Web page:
McLaughlin and Van Dusen, Circuit Judges, and Hannum, District Judge.
On May 21, 1964 appellant was convicted in the United States District Court, District of New Jersey of bank robbery and putting life in jeopardy by using a dangerous weapon during a bank robbery. He was sentenced to serve a term of ten years imprisonment on each count, said sentences to run concurrently.*fn1 On June 5, 1970, appellant's term of sentence, less the time deducted for good conduct, expired and except as provided in 18 U.S.C., Section 4164, appellant was released. Section 4164 states "A prisoner having served his term or terms less good-time deductions shall, upon release, be deemed as if released on parole until the expiration of the maximum term or terms for which he was sentenced less one hundred and eighty days."
Appellant argues that his said release was absolute without restriction. This is admittedly the sole issue before us. In appellant's situation he was released under 18 U.S.C. § 4163 at the expiration of his term of sentence less the time deducted for good conduct. That resulted in appellant's concurrent sentences being reduced to approximately six years. The release under 4163 is expressly conditioned as the section states "Except as hereinafter provided. * * *" In § 4164 as above noted it is carefully and clearly set out that "A prisoner having served his term or terms less good-time deductions shall, upon release, be deemed as if released on parole until the expiration of the maximum term or terms for which he was sentenced less one hundred and eighty days." All reported decisions are in accord with the above plainly right and just construction of the applicable statutes, sections 4163 and 4164.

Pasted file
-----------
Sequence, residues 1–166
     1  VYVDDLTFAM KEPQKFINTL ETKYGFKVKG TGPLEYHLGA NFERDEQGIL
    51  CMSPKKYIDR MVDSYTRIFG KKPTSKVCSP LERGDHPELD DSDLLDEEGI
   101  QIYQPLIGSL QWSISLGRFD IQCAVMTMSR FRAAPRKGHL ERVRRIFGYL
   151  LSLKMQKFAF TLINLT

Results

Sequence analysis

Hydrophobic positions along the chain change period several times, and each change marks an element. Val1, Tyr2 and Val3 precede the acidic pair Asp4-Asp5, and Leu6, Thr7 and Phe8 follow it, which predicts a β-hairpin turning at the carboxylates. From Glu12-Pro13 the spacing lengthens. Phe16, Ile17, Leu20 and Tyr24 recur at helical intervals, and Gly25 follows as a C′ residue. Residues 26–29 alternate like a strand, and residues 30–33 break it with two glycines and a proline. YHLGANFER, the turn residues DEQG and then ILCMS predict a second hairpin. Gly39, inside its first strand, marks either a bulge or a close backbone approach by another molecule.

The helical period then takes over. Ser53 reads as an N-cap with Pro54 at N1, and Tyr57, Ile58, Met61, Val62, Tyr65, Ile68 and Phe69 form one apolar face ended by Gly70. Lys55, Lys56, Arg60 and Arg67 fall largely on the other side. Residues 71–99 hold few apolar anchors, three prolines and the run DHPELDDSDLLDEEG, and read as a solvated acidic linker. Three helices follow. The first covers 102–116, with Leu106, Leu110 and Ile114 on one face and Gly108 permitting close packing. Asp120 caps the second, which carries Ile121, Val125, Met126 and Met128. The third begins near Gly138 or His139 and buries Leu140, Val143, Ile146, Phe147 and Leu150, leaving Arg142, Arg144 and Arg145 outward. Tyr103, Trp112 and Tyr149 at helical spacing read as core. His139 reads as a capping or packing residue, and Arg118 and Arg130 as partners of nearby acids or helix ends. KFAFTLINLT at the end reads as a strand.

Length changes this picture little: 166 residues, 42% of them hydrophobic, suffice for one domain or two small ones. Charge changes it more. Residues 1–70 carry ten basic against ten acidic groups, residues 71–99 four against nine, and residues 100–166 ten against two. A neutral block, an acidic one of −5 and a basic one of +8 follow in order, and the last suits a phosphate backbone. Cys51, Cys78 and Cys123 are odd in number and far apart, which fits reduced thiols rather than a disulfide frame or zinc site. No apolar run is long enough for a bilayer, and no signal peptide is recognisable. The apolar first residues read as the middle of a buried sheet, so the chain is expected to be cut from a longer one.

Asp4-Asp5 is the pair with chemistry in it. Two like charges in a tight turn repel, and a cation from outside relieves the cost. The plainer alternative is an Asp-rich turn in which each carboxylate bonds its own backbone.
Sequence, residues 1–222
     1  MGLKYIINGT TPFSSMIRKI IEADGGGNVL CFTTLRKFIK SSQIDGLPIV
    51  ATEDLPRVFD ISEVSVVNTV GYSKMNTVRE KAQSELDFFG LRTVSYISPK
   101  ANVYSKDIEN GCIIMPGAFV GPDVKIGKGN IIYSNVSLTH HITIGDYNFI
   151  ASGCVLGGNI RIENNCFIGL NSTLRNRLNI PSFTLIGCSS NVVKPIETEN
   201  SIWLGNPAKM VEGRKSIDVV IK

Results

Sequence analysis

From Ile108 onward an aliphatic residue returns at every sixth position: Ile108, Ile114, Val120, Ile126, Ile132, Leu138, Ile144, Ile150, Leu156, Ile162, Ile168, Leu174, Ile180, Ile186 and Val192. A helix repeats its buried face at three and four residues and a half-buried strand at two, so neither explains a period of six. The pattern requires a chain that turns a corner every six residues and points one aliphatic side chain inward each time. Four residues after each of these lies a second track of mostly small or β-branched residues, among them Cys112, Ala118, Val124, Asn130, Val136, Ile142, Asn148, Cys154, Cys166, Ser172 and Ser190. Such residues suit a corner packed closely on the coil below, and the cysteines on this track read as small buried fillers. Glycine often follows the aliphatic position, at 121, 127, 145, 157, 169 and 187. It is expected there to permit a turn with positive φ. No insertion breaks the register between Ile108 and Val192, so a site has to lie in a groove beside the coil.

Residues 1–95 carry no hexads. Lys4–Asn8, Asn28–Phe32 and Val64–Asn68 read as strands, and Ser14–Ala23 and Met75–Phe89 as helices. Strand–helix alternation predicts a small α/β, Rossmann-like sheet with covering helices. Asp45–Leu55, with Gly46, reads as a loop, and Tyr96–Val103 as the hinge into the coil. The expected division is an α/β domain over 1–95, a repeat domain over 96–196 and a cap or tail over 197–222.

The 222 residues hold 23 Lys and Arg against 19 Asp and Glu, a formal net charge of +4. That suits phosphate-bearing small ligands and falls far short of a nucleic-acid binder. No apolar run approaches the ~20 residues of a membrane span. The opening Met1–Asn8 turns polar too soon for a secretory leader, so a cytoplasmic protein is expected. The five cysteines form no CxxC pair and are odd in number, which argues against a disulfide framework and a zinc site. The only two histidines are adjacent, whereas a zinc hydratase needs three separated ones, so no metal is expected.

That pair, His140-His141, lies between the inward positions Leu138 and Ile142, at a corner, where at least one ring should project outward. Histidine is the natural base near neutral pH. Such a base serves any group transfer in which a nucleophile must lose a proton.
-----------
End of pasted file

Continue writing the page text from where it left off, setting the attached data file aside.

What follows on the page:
In McMillan v. Parker, Warden et al., 254 F. Supp. 365, 366 (D.C.M.D.Pa.1966), Judge Follmer held that "Upon release under 18 U.S.C. § 4163, a prisoner is 'deemed as if released on parole until the expiration of the maximum term or terms for which he is sentenced less one hundred and eighty days.' 18 U.S.C. § 4164." We affirmed that decision, 378 F.2d 444, (3 Cir. 1967).
The identical problem was also before the Tenth Circuit in Robinson v. Willingham, 369 F.2d 688, 689 (1966). The court held that § 4163 must be construed in conjunction with the statute following it, Section 4164. So construed, "a prisoner released as a mandatory releasee is subject to the same conditions of release as a parolee under 18 U.S.C. § 4203."
We agree with the finding of Judge Whipple in the District Court that the complaint herein is wholly without merit and we affirm its dismissal "for failure to state ...